Thirteen-year-old Ramon Reed has the voice of a kid. But he has the vocabulary and social skills of a working professional.
He is, in fact, both.
The Charlotte native hadn’t seen the Tony Award-winning musical, “The Lion King” before he auditioned for it. But once he saw it – after landing the part – he thought: “This is insane. I get to do this every night?”
Not every night, actually. Broadway kids share their roles with another child actor and alternate performances. Ramon is in at least four shows each week. The beloved musical returns to the Blumenthal in Charlotte Aug. 22 through Sept. 9.
After performing in a couple of local plays (Porch Productions’ “The Wiz,” for instance), Ramon went to New York last June to audition for the role of Young Simba at an open casting call. Intimidating for some? Sure. But not Ramon.
“We played games on stage,” he explained. “They taught us ‘Can’t Wait to be King,’ and then we performed it. They’re looking to see if you catch on quick. After a six-hour audition, I thought I’d have to wait about a week to hear. But I got a call back that day and got the role.”
Ramon traded in J.M. Alexander Middle School in Huntersville for being home-schooled by his mom, Rosalyn Hart (or “stage-schooled” by a tutor when he’s on Broadway). Hart travels with her son. Sometimes, her 2-year-old daughter comes along, too.
Being on stage at Broadway’s Minskoff Theatre “has moments that are surreal,” Ramon said. Touring life is exhilarating and exhausting.
Ramon has been to Little Rock, Ark.; Buffalo, N.Y.; Orlando and Jacksonville, Fla., Kalamazoo, Mich.; and points in between. Thirteen cities in 10 months. Even when he’s not performing, he’s required to show up at the theater.
The best part of travel? “Seeing all these cities and what they’re known for,” he said. “Every city has one or two things it’s known for. Orlando is known for Disney World, but Kalamazoo is known for snow.” (That may sound like faint praise for Kalamazoo, but Ramon seems to genuinely believe snow and Disney are equally magical.)
But there’s something else special about appearing on stage in a Disney hit. “I get to inspire other kids to do whatever they dream,” he said. “And that’s cool.”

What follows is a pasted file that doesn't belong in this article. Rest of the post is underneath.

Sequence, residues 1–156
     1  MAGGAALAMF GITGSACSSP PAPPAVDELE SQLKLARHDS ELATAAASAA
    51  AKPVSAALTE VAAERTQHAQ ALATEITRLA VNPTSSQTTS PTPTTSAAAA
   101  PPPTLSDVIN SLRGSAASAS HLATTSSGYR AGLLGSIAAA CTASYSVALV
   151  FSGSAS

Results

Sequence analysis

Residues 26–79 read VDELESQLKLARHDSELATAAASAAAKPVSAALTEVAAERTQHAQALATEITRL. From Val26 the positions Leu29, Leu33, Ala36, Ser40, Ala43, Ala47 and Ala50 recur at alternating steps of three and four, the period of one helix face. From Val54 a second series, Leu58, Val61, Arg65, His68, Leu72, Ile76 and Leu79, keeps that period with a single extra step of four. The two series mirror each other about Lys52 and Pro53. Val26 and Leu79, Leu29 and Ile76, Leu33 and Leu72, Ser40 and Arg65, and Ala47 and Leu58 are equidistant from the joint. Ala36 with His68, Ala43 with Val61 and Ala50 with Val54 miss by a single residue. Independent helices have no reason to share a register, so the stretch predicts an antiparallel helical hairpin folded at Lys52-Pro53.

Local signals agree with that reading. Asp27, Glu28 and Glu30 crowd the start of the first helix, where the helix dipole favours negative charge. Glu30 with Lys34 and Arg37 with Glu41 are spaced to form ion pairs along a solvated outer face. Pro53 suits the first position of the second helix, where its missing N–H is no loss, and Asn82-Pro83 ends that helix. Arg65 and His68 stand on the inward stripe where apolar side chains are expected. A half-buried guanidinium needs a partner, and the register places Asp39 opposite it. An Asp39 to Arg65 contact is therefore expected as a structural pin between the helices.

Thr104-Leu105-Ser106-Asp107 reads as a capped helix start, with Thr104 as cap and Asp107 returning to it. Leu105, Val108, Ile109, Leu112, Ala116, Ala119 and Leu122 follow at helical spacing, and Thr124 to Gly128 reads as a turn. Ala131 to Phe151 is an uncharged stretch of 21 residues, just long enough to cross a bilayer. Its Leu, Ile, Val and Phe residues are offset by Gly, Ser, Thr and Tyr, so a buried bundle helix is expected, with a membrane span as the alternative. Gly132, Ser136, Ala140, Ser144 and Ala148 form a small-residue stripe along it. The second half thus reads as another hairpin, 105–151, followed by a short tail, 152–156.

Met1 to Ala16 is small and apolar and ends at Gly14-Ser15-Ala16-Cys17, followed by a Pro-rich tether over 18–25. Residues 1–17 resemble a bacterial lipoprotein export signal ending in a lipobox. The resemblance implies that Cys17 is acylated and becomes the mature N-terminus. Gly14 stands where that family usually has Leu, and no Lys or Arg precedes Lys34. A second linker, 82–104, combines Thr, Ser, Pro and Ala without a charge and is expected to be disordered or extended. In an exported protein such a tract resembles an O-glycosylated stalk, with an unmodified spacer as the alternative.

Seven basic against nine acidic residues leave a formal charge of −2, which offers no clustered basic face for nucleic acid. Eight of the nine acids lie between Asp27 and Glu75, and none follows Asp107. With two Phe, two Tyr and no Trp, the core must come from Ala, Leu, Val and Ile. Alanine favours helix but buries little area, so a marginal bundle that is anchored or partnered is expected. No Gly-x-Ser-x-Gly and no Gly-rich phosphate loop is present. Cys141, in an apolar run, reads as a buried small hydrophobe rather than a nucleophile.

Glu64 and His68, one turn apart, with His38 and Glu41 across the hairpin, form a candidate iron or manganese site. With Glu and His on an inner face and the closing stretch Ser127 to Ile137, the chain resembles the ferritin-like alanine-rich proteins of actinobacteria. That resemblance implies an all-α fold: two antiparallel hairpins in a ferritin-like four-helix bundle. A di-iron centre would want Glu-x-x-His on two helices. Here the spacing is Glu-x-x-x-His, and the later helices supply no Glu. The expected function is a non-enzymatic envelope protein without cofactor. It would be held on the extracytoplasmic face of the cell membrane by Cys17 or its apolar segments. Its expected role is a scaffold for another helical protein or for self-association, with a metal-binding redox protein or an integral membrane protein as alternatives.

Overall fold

Kids on Broadway learn to take responsibility for themselves in a hurry. Parents can’t hang around backstage before or during the performance. “They treat kids as professionals,” Hart said. “I drop Ramon off and pick him up. That’s it.”
On set, there’s a teacher/wrangler who tutors kids and makes sure they’re in hair and makeup and vocal rehearsals on time. That tireless woman pays close attention to Ramon, who has sickle cell disease, a hereditary disorder that, in the United States, affects primarily African-Americans. It can cause swelling of hands and feet, infections, fatigue and pain.
Playing Young Simba is physical demanding. The biggest challenge, Ramon said, is “the endurance it takes.”
“We have to make sure he gets plenty of rest, takes his vitamins and medication and stays hydrated,” Hart said. “The ‘Lion King’ company and his doctors have given us so much support. His teacher is so good about always keeping his water bottle filled and letting me know if he seems tired.”
“I don’t ever want Ramon to use his disease as a crutch,” his mom continued. “He’s got God-given talent, and we’re so fortunate he’s able to use it and that he’s healthy.”
Faith is central to the family. And while the show isn’t overtly religious, the spiritual idea of (spoiler alert!) our deceased loved ones watching over us is the theme running throughout. “The Circle of Life” could bring a tear to the eye of even the most jaded audience member. Ramon’s favorite number in the show is “He Lives in You (reprise).”
He lives in you/He lives in me/He watches over/Everything we see/Into the water/Into the truth/In your reflection/He lives in you.
“Our whole church is coming to see Ramon perform,” said Hart, who sings in the choir at Jonahville AME Zion Church. And Ramon has a ritual he engages in by himself before each performance: He prays for a good show.
“My mom always tells me,” he said, “every night should be like opening night.”
This story is part of an Observer underwriting project with the Thrive Campaign for the Arts, supporting arts journalism in Charlotte.
See the boy king
Ramon Reed and “The Lion King” roar into town Aug. 22 and will perform through Sept. 9 at the Belk Theater. Ticket start at $30 and are available at the Blumenthal box office and www.blumenthalarts.org/events/detail/the-lion-king-1. Follow Ramon on his travels via Instagram: @iamramon.reed.